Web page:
# Fixture Unit Values - Pipe Sizing for remodel

Discussion in 'IPC Plumbing Code Questions' started by supernal_pipe, Aug 11, 2017.

1. ### supernal_pipeNew Member

Joined:
Aug 11, 2017
Location:
Denver
2009 IPC Table E201.1 - Fixture Unit Values

I'm currently doing a remodel, and the owner is asking me to size up the lines to accommodate an additional bathroom, and kitchen.

House currently has a 3/4 inch service pipe, and that same 3/4 inch size is currently extended as the Distribution pipe to all other fixtures in the house.
( branch system )

According to Code, a 3/4 inch service pipe, expanded up to a 1 1/4" distribution pipe at 60 feet of developed length will give me an additional 24.5 WSFU. (32 - 7.5)

Which is what i need to handle his proposed load.

My question is, why does this work?

Code says it will work, but how does adding a length of bigger pipe ( 1 1/4 inches ) after the city supplied 3/4 inch pipe allow for 24.5 more wsfu ??

Is it simply that the larger pipe segment increases pressure for everything after the larger pipe size?

The table lists maximum development length, however, to have the needed effect, is there a minimum pipe length for increasing the diameter to provide the additional wsfu's?

I assume i can add a segment of 1 1/4 inch pipe after the hot water heater to provide more "fixture unit value's" for the fixtures downstream?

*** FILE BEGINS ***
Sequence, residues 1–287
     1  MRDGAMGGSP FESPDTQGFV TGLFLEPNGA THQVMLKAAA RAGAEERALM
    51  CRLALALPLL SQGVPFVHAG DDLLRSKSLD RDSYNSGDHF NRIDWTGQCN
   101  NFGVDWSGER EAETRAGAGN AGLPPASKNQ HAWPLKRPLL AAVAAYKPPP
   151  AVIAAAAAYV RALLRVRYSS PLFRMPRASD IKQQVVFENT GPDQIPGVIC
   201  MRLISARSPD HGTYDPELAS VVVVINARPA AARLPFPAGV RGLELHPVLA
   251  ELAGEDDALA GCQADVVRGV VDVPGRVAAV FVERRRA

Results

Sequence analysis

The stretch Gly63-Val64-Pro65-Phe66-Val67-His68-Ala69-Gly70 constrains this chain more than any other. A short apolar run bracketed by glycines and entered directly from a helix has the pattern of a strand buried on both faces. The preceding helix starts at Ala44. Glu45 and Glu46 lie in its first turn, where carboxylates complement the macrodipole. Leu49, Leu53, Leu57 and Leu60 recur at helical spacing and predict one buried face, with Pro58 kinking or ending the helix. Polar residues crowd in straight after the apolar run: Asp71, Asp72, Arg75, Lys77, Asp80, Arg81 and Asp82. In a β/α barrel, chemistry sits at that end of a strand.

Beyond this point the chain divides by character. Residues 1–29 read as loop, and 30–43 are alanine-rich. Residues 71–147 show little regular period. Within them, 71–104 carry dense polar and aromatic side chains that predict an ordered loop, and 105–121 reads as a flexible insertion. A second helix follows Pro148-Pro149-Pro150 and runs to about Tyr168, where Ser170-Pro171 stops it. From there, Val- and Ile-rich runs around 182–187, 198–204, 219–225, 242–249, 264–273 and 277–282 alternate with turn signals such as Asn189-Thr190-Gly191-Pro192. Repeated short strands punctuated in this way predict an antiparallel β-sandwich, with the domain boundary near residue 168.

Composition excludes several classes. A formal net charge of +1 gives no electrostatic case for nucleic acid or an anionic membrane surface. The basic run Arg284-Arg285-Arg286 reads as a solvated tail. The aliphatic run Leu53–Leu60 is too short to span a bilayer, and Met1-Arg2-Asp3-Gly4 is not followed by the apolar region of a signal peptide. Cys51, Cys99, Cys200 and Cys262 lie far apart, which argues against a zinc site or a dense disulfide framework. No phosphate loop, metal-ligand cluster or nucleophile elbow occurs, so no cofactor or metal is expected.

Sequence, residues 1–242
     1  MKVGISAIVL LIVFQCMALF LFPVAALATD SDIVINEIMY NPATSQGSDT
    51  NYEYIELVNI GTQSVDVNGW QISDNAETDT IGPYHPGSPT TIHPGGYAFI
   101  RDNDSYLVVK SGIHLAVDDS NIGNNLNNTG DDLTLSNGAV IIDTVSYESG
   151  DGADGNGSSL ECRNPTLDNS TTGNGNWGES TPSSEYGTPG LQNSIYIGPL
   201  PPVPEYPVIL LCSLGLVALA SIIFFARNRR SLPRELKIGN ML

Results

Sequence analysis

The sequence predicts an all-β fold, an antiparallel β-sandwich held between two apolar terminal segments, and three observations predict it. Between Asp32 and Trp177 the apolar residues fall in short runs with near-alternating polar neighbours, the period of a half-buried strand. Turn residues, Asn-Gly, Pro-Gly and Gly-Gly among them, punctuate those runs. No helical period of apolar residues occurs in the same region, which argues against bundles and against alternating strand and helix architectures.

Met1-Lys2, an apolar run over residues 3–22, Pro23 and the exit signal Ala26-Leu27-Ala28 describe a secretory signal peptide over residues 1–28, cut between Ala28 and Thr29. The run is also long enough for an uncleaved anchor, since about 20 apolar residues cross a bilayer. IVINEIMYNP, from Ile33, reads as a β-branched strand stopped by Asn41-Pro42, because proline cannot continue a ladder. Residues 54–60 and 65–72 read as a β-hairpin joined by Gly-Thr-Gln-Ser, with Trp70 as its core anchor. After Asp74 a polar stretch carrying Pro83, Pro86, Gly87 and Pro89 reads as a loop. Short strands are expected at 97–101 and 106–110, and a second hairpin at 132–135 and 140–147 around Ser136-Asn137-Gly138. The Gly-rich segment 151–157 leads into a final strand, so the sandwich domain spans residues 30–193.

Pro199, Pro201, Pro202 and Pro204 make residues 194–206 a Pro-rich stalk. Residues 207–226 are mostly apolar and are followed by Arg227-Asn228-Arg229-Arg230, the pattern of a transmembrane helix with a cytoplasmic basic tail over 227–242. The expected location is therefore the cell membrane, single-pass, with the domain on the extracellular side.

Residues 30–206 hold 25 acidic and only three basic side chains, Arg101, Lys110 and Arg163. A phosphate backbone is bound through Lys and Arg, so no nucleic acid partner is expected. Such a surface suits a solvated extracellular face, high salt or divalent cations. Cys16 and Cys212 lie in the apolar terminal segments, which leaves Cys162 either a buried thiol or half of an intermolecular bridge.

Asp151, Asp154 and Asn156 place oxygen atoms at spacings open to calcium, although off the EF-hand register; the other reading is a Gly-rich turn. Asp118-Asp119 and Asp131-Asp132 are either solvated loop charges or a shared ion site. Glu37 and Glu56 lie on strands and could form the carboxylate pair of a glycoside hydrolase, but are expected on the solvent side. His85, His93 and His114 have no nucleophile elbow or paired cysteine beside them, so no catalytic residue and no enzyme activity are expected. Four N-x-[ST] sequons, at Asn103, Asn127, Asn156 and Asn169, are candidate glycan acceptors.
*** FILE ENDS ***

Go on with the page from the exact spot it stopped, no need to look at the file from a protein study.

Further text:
If yes, how long should that segment be?

2. ### Reach4Well-Known Member

Joined:
Sep 25, 2013
Location:
IL
What are you describing? Are you talking about 3/4 from the meter, for a few feet, and then 60 feet of 3/4 inch, or are you talking about 60 ft of 3/4 and some additional length of 1.25 inch pipe after that?

A length of pipe will have a pressure drop with a particular flow rate going thru it. That is followed by another length of pipe with a pressure drop with that same flow rate going thru it. The pressure drop will be the sum of the two pressure drops.

Do you understand resistors and voltage and current? We could make an analogy to that.

What is not a good analogy is a mile single lane of road carrying xx cars per hour followed by a 100 mile distance of 4 lanes traveling your way. In the road analogy, the single lane section will limit how many cars per hour the combined sections would carry. With water pipe it is not the same. https://www.hy-techroofdrains.com/water-flow-through-a-pipe/ shows that you could get a lot of water through 5 ft of 3/4 pipe. There would be some drop, but it would not be that much for 5 ft. If you then expand to 1.25, you will not get a lot of additional drop for the next 100 ft. But having another 100 ft 3/4 inch pipe would give a lot more drop.

I am confident you could find a better pipe calculator for this purpose.

4. ### supernal_pipeNew Member

Joined:
Aug 11, 2017
Location:
Denver
Start
City supply @ 3/4" pipe, 20 feet to house ( Service Pipe ) increased diameter to feed Distribution pipe
Inside house @ 1 1/4" pipe, 20 feet to water heater ( Distribution Pipe )
At water heater, 1 1/4" reduced to 3/4", 4 feet of pipe to feed water heater. + branch reduced to 3/4 inch to feed bathrooms, kitchen etc.

Code says this will work, i'm trying to understand WHY it will work.